SGInnovate backs three deep tech startups, partners with local top universities
The investment arm of Singapores’s government, SGInnovate, announced that it has invested in three deep-tech startups, which are Horizon Quantum Computing, Involt, and Portcast. The investments are said to be a part of its efforts to support the ecosystem in the city-state, as reported by Deal Street Asia.
Horizon Quantum Computing specializes in developing tools for software engineers to build quantum-enhanced applications.
Involt’s technology involves the building of new energy storage cells to reduce carbon reliance.
SGInnovate also announced that it has forged apprenticeship collaborations with four local universities; Nanyang Technological University (NTU), National University of Singapore (NUS), Singapore Management University (SMU), and the Singapore University of Technology and Design (SUTD).
SGInnivate brings the four universities into a collaboration under its first deep tech apprenticeship programme, where the universities will utilise the capabilities-building opportunities.
“SGInnovate believes it can develop Singapore’s deep tech ecosystem by helping technical founders build investible deep tech startups,” said Steve Leonard, founding CEO of SGInnovate.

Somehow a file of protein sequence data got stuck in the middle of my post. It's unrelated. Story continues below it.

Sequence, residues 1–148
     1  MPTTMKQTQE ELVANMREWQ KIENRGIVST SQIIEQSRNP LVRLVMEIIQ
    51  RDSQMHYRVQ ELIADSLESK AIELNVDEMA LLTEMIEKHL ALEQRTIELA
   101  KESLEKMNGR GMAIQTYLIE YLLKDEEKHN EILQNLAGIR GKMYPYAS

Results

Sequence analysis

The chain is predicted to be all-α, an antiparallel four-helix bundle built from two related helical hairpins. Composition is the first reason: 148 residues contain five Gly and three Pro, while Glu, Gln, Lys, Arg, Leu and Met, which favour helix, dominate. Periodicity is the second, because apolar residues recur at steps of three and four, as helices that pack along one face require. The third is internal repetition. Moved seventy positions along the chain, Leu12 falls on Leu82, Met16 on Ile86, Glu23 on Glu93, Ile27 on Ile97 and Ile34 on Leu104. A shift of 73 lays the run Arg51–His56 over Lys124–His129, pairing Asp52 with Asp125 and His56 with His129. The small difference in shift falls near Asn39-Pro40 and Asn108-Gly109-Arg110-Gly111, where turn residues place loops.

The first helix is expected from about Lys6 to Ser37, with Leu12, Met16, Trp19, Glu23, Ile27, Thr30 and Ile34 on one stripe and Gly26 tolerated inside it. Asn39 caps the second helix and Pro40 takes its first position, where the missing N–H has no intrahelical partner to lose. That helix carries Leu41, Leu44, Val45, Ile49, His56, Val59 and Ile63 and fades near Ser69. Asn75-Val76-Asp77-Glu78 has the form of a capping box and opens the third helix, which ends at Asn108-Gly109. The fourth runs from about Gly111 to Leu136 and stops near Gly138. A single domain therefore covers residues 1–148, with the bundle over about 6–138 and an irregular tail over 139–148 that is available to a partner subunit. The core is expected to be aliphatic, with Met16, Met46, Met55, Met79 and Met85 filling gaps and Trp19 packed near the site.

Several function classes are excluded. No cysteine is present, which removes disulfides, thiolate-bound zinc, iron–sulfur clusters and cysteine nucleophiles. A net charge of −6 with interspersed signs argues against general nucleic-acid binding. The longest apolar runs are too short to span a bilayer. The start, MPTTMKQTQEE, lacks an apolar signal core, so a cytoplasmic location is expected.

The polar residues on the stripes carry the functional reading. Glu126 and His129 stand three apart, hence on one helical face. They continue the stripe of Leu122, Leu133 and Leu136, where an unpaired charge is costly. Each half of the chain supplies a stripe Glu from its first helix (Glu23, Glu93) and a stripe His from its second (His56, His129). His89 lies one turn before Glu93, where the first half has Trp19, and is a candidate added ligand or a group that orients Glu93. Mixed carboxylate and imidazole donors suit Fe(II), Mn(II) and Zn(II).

SGInnovate has invested in 45 deep tech startups and claimed to have built a network of over 50 local and international partners to grow the ecosystem.
Freshly two months ago, SGInnovate made investments in three other startups, ranging from a deep tech healthcare AI startup, energy building efficiency, to anti money laundering automation.
“We believe that the new investments we have made represent new actions around investment capital and human capital that are both the critical ingredients needed to build great deep tech startups hub in the country,” said Leonard noting the Deep Tech Nexus strategy the company deploys.
Deep-tech ecosystem has been high on the Singapore government’s list as it promotes initiatives such as the US$18.18 million worth of commitment to help the launch of 250 deep-tech startups in the next five years.